LINGUIST List 15.631

Tue Feb 17 2004

Disc: Re: Declining use--inflected forms in English

Editor for this issue: Sarah Murray <>


  1. Britta Mondorf, Comparatives

Message 1: Comparatives

Date: Fri, 13 Feb 2004 09:44:11 -0500 (EST)
From: Britta Mondorf <>
Subject: Comparatives

While the tendency to indulge in a bit of good ol' days nostalgia is
quite an understandable human trait, the situation for the comparative
formation of - even monosyllabic - ADJs has never been as clear-cut as
grammar books suggest. Variation between the synthetic '-er' and the
analytic 'more' comparative dates back at least as far as the 14th
cent. (cf. Kyt� 1996, Kyt�/Romaine 2000). And even 'more good'
recently mentioned in the LinguistList did occur in the 19. cent.:

''(...) but, now you are here, you are more good than us, old or
young, who toil much in the world of thought.'' (Bram Stoker, Dracula

In PDE there is a wide range of factors which cause ADJs to allow or
even prefer the analytic variant (cf. Mondorf 2003). To the
theoretically- and functionalist-minded linguist this type of
variation offers intriguing insights. If we assume that language users
weigh the pros and cons between less-form-processing-with-more-
dependent-processing on the one hand and more-form-processing-with-
less-dependent-processing on the other (cf. Hawkins 2003), they should
aim at a trade-off between the explicit 'more' and the inflected '-er'
variant. In accordance with Rohdenburg's (1996) complexity principle,
the more explicit form is favoured in cognitively complex
environments. To give some examples from Mondorf (2003): Phonological
complexity arises if the ADJ contains minimally distinct phoneme
sequences (apt, strict), or when stress clashes might occur. In these
cases English offers an easy way to reduce the emerging processing
load by resorting to the analytic variant. In morphology complexity
arises in bimorphemic lexemes: whereas disyllabic monomorphemic ADJs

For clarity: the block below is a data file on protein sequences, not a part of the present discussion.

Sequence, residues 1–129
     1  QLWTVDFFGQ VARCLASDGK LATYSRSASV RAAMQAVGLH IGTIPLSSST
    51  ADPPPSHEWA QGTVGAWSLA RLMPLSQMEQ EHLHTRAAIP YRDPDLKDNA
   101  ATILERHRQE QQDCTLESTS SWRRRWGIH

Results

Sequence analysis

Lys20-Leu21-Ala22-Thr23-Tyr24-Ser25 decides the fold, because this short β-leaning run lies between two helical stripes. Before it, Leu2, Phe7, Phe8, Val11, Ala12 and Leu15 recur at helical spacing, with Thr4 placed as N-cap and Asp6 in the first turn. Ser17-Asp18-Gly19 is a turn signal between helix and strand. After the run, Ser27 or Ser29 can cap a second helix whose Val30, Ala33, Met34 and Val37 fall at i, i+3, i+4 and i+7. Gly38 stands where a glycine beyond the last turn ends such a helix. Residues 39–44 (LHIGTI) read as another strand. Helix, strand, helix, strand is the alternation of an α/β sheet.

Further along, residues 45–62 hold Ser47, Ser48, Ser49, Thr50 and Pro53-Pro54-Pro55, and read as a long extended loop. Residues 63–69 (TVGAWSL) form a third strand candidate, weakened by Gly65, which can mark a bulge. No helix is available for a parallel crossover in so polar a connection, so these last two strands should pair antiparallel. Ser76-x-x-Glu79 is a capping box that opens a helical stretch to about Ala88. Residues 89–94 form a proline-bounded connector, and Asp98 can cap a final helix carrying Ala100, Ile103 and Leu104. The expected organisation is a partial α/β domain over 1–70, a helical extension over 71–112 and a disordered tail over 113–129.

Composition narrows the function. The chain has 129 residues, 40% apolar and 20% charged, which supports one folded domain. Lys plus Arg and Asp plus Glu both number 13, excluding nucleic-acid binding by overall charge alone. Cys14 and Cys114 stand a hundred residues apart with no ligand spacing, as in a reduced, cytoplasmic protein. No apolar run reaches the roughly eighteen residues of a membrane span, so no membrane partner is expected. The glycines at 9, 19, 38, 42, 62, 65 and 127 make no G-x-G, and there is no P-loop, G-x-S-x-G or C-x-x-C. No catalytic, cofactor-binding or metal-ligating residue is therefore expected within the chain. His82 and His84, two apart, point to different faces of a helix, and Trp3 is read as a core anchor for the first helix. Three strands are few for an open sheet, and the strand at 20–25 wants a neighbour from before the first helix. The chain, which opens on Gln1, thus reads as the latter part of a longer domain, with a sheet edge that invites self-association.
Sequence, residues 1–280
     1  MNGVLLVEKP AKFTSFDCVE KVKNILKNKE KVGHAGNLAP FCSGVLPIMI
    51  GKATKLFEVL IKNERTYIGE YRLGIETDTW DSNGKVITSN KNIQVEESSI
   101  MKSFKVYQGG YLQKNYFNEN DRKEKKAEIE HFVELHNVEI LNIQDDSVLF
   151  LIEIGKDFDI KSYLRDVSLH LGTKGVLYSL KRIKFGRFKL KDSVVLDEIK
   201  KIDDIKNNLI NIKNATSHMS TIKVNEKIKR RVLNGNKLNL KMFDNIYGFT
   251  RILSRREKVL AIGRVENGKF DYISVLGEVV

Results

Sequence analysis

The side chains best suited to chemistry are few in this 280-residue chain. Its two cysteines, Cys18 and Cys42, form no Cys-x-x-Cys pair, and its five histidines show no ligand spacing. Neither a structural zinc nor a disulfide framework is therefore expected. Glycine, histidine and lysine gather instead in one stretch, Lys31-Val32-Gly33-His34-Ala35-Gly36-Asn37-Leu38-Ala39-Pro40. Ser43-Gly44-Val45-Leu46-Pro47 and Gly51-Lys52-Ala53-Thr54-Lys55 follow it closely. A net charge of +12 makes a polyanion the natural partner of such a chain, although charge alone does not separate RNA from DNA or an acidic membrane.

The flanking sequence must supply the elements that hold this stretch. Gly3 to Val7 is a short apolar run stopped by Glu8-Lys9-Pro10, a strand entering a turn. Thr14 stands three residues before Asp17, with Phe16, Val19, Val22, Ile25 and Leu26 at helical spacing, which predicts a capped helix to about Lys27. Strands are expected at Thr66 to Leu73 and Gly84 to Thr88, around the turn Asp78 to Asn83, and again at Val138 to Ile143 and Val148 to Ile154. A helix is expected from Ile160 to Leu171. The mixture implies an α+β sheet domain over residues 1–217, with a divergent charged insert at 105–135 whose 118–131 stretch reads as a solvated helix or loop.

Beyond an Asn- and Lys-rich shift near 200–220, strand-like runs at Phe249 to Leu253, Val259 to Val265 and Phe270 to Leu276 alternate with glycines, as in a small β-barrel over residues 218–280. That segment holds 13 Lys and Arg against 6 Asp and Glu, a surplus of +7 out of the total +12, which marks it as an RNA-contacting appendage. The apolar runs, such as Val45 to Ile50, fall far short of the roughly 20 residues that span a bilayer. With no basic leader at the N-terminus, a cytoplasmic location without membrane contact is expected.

in <-l,le> display variation, their morphologically complex
counterparts (awful, careful) require more-support in PDE. And
finally, complex structures produced by compounding often prefer the
analytic variant to mitigate concomitant complexity effects
(cf. Mondorf 2000). At present it is hard to imagine the following
novel formations with the synthetic comparative:

more bratwursty
more Wiener-schmaltzy (THE TIMES)

And the recently discussed novel forms 'more fun' and 'more key'
(cf. Denison 2000 for a discussion of their adjectivehood) will have
to be more firmly established before we can expect more than the odd
occurrence of

funner 'Las Vegas is fun,' he said, 'but it used to be funner.' (DAILY
TELEGRAPH). keyer (occasionally found in the Internet)

Why English, after almost 7 centuries of competing comparative
variants, has still not settled the issue by assigning the whole
domain of comparation to one variant, is an intricate question. One
speculative answer is that the system has indeed agreed on a division
of labour and that it might be both 'more key' and 'more fun' to
uncover the principles prevailing in this area of grammar (presumably
motivated by concerns of processing economy) than to mourn a state
that never was.

Denison, David 2001 Gradience and Linguistic Change. Hawkins, John
A. 2003 Why Are Zero-marked Phrases Close to Their Heads? Kyt�, Merja
1996 'The Best and Most Excellentest Way': The Rivalling Forms of
Adjective Comparison in Late Middle and Early Modern English. Kyt�,
Merja and Suzanne Romaine 1997 Competing Forms of Adjective Comparison
in Modern English: What Could Be More Quicker and Easier and More
Effective? Kyt�, Merja and Romaine, Suzanne 2000 Adjective Comparison
and Standardization Processes in American and British English from
1620 to the Present. Leech, Geoffrey and Jonathan Culpeper 1997 The
Comparison of Adjectives in Recent British English. Mondorf, Britta
2003 Support for More-Support. Mondorf, Britta 2000 Wider-Ranging
vs. More Old-Fashioned Views on Comparative Formation in Adjectival
Compounds/Derivatives. Rohdenburg, G�nter 1996 Cognitive Complexity
and Increased Grammatical Explicitness in English.

Subject-Language: English; Code: ENG 

- Britta Mondorf
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